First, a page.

Walking on Water: A Rowing Trifecta

Half a continent apart, on the weekend of May 31, three Harvard crews pulled off a feat unprecedented in the history of college rowing: simultaneous national championships in men's heavyweight, women's heavyweight, and men's lightweight rowing. The men dominated the Intercollegiate Rowing Association (IRA) regatta on the Cooper River in Camden, New Jersey, while the women triumphed at the NCAA Championships on Eagle Creek Reservoir in Indianapolis. Though the mighty oars of Newell and Weld Boathouses have long inspired wonder and sometimes awe, the 2003 trifecta is a new kind of high-water mark. Harvard's supremacy was the more remarkable in its decisive triumphs over many rowers with athletic scholarships.

No one finished within a length of the heavyweight men all year long. They demolished six other crews in four regattas before the Eastern Sprints, where Harvard won its first title since 1990. There, the heavies beat Wisconsin, the 2002 champions, by a length and a half. Another victory in the JV race and a second-place finish by the freshmen allowed the Crimson to retain the Rowe Cup for overall heavyweight supremacy.

Radcliffe crew captains Sarah Psutka '03 (left) and Courtney Brown '03 hold aloft the NCAA championship trophy after winning at Indianapolis.
Harvard Sports Media Relations

Harvard entered the IRA for only the fourth time in the regatta's 108-year history. Scheduling conflicts with exams and a previous obligation to the 151-year-old Harvard-Yale boat race usually get in the way. But this year's calendar allowed Harvard to send to Camden a crew that had posted the Crimson's first unblemished season since 1980. Several years ago, the IRA was designated the regatta that decides the men's and lightweight women's national titles (only women's heavyweight rowing is an NCAA sport).

For the past four years California's heavyweight men have won the national title at the IRA. But there were no Harvard crews in those races. This year, the Crimson won its first Varsity Challenge Cup by open water (in 5:43) over Washington and California. By 750 meters, Harvard and Washington had broken contact with the field. With a "power 10" at that point and a 20-stroke move at 1000 meters, Harvard left the Huskies behind for good. The Crimson's last national title came in 1992, at the then-championship-deciding, season-ending regatta in Cincinnati.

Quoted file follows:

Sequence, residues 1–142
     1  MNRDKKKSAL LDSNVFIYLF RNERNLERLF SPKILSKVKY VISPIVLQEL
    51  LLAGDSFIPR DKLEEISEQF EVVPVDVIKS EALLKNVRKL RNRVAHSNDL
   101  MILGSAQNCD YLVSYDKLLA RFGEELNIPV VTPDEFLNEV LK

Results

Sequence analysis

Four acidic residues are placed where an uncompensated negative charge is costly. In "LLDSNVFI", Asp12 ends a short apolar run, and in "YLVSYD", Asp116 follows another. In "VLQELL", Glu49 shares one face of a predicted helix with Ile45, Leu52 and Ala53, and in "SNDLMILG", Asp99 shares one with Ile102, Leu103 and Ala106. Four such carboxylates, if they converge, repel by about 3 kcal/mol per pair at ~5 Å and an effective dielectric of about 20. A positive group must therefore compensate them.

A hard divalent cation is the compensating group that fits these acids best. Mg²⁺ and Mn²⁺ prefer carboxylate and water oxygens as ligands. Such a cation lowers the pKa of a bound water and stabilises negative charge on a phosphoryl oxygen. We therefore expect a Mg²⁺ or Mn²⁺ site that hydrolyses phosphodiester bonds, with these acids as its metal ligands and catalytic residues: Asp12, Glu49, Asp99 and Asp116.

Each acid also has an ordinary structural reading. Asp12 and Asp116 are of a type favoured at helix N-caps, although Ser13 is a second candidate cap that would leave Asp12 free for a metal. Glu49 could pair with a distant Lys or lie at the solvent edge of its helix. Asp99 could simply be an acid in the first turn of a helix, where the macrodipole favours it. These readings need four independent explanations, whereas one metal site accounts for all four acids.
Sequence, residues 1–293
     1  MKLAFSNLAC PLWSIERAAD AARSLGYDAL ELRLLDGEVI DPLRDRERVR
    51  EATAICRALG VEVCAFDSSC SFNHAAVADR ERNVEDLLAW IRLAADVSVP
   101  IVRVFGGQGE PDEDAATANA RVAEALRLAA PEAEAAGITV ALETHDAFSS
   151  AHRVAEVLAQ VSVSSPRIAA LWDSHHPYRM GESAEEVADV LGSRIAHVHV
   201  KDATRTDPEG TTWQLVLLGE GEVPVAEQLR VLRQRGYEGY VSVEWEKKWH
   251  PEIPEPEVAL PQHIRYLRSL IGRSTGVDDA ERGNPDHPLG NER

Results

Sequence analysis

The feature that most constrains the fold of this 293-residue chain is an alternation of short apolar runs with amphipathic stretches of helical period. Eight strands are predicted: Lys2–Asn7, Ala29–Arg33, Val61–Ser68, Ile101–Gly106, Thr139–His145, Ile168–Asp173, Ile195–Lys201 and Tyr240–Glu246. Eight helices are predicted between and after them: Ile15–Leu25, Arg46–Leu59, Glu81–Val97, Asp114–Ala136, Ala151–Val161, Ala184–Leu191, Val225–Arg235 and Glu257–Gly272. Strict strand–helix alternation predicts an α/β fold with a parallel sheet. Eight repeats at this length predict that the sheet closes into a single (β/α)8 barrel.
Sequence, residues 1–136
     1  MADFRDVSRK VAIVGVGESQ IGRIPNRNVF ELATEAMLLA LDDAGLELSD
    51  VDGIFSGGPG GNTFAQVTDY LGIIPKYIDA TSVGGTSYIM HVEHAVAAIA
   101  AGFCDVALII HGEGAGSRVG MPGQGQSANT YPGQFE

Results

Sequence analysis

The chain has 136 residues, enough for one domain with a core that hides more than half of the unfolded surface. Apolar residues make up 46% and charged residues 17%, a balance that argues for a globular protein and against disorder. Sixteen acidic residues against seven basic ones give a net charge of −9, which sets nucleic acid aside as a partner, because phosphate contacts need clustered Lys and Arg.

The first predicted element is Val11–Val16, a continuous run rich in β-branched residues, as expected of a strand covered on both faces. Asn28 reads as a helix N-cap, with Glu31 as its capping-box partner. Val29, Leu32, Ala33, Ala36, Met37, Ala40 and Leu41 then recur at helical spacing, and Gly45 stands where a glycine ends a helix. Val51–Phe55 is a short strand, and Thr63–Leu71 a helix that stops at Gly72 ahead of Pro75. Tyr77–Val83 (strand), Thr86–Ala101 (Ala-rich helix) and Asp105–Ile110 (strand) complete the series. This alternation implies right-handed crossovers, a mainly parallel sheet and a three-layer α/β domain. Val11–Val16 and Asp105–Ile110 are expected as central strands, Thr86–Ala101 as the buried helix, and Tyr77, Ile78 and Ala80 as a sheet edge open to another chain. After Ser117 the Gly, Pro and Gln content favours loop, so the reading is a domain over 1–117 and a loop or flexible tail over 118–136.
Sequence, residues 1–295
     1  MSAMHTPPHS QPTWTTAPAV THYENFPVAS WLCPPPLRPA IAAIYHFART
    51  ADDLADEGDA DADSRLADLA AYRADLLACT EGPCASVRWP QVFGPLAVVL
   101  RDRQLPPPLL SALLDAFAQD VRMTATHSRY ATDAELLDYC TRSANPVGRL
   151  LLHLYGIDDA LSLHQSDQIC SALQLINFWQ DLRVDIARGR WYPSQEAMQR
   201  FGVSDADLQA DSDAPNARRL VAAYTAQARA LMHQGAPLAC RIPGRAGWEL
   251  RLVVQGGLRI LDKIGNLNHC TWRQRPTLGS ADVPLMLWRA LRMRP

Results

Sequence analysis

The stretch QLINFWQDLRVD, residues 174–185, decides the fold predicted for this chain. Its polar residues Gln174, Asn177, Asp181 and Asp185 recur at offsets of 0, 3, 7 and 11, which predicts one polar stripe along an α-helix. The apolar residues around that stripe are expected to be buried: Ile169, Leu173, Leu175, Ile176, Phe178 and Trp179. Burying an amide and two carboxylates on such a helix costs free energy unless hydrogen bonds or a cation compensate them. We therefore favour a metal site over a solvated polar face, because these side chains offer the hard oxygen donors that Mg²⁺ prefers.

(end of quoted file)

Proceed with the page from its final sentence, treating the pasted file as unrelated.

The Harvard lightweights were not quite so invincible; they beat seven rivals in five regattas before the Sprints, but Navy edged the Crimson by less than a second on the Charles. At the Eastern Sprints, a crosswind affected the racing lanes unevenly and Harvard ended up fourth, more than four seconds behind the winners from Princeton, a crew that Harvard had beaten by more than five seconds just two weeks earlier. However, as head coach Charlie Butt told the Boston Globe, "They [his crew] are an exceptional bunch of guys for converting their disappointment into more boat speed." At the IRA, Harvard crossed two seconds ahead of Columbia, with Princeton nearly seven seconds back in fifth place. Thus the lightweights kept alive their odd-year streak of national titles that dates from 1991 (see "The Oddest Streak in Rowing," May-June 2002, page 68). Radcliffe's lightweight eight came second to Princeton in the final. The Harvard heavyweights captured the Ten Eyck Trophy for overall supremacy.

Harvard's heavyweight varsity, which won everything there was to win this year, in top form on the Thames River in New London, where they decisively beat Yale.
Courtesy of Jon Crispin

No doubt these Saturday heroics helped to inspire the Radcliffe heavyweights, who by then had reached the finals of the NCAA Championships, scheduled for high noon on Sunday, June 1. Radcliffe's powerful crew had by then convincingly woman-handled its early opponents (see page 84). At the NCAAs, the Black and White capped off the greatest season in their 31-year history, earning their first national title since 1973, when they were unofficial U.S. champs. At Indianapolis, Radcliffe rowed through crews in the middle 1000 meters of the race, as they had done all season, finishing in 6:26, about half a length ahead of Michigan. The country's top-ranked crew, Stanford, was nearly a length back in third place.

It was the third NCAA championship in Harvard athletic history, the other two having come in men's hockey (1989) and women's lacrosse (1990). Although Harvard teams have now won 120 national championships, only three of these are NCAA titles.

As Radcliffe rowed to glory in Indianapolis, Harvard's heavyweight men followed the NCAA final's progress on the Internet from Red Top, Harvard's training camp near New London, Connecticut. Minutes after the women's victory, Harvard head coach Harry Parker telephoned his Radcliffe counterpart, Liz O'Leary, with congratulations on the splendid race that completed a supernal weekend on the water. Six days later, Parker's oarsmen added another kind of trifecta to this season of dreams, sweeping the freshman, JV, and varsity races with Yale. The varsity's 49.8-second victory margin was the largest since Crimson went over the horizon 1:04 ahead of Yale in 1976.

~Craig Lambert        

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